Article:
Maha Prajnaparamita Sastra

by Gelongma Karma Migme Chödrön | 2001 | 940,961 words

This page describes “vow not to kill” as written by Nagarjuna in his Maha-prajnaparamita-sastra (lit. “the treatise on the great virtue of wisdom”) in the 2nd century. This book, written in five volumes, represents an encyclopedia on Buddhism as well as a commentary on the Pancavimsatisahasrika Prajnaparamita.

Part 2 - The vow not to kill

Sometimes a person pledges [publicly to observe] morality (śīlaṃ samādadāti) and expresses his resolve (cittotpāda) aloud: “From today on, I will no longer kill living beings”; sometimes, without moving or speaking, he just ratifies his resolution by means of a personal oath: “From today on, I will no longer kill living beings”: this is called the morality of abstaining from murder (prāṇātipātaprativiratiśīla).[1] According to some, this abstention from murder is sometimes good (kuśala), sometimes neutral [i.e., undefined from the moral point of view (avyākṛta)].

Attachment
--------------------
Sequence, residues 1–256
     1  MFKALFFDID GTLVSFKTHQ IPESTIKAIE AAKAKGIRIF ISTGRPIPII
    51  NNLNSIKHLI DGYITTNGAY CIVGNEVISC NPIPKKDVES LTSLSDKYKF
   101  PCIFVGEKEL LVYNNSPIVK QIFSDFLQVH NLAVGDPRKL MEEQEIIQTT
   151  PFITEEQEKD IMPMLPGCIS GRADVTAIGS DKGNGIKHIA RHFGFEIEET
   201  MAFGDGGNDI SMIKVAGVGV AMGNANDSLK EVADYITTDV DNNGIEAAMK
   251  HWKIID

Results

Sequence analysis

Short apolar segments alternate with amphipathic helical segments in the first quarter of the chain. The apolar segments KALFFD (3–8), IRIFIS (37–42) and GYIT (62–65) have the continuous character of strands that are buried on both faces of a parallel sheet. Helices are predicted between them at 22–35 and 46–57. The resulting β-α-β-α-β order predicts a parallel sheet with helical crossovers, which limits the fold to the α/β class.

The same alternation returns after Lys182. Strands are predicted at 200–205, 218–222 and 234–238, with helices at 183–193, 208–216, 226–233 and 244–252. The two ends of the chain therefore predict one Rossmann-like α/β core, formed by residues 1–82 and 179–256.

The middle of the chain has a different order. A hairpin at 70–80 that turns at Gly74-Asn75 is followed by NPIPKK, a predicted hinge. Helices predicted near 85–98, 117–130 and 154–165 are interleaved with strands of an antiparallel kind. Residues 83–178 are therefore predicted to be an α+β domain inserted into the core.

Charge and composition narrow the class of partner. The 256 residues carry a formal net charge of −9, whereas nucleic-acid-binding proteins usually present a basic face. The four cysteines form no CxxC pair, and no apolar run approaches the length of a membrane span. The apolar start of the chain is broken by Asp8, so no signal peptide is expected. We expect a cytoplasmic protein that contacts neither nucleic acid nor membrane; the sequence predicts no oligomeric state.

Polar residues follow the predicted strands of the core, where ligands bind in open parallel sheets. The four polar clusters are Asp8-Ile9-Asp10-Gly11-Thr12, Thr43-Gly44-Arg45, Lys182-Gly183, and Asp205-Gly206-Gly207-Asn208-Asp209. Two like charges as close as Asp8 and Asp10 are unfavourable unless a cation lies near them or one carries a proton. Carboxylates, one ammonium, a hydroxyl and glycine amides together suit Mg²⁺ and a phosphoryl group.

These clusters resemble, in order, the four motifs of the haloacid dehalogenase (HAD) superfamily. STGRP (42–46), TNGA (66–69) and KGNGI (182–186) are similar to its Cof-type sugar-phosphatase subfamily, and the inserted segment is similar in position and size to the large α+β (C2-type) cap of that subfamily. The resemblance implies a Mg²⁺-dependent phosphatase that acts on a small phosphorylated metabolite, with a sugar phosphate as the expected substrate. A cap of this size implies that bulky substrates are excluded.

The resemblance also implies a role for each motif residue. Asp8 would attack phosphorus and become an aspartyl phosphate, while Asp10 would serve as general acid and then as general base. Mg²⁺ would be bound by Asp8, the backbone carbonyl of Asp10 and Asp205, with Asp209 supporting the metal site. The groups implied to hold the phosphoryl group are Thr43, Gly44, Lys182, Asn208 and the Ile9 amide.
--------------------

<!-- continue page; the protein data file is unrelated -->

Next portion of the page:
Footnotes and references:


The solemn statements in the course of the refuge (śaraṇagamana) and ordination (upasaṃpadā) ceremonies will be described in the second part of the present chapter. But in the preliminary note, we have seen that abstaining from sins may be derived from a simple inner resolution independent of any statement. It seems that at the beginning, the practitioners of the Greater Vehicle “took the precepts” by means of personal oath (cf. Hôbôgirin, Bosatsukai, p. 142); later, they had a separate ceremony, otherwise closely copied from the ritual of the Lesser Vehicle (cf. Bodhisattvaprātimokṣasūtra, ed. N. Dutt, IHQ, VII, 1931, p. 259–286).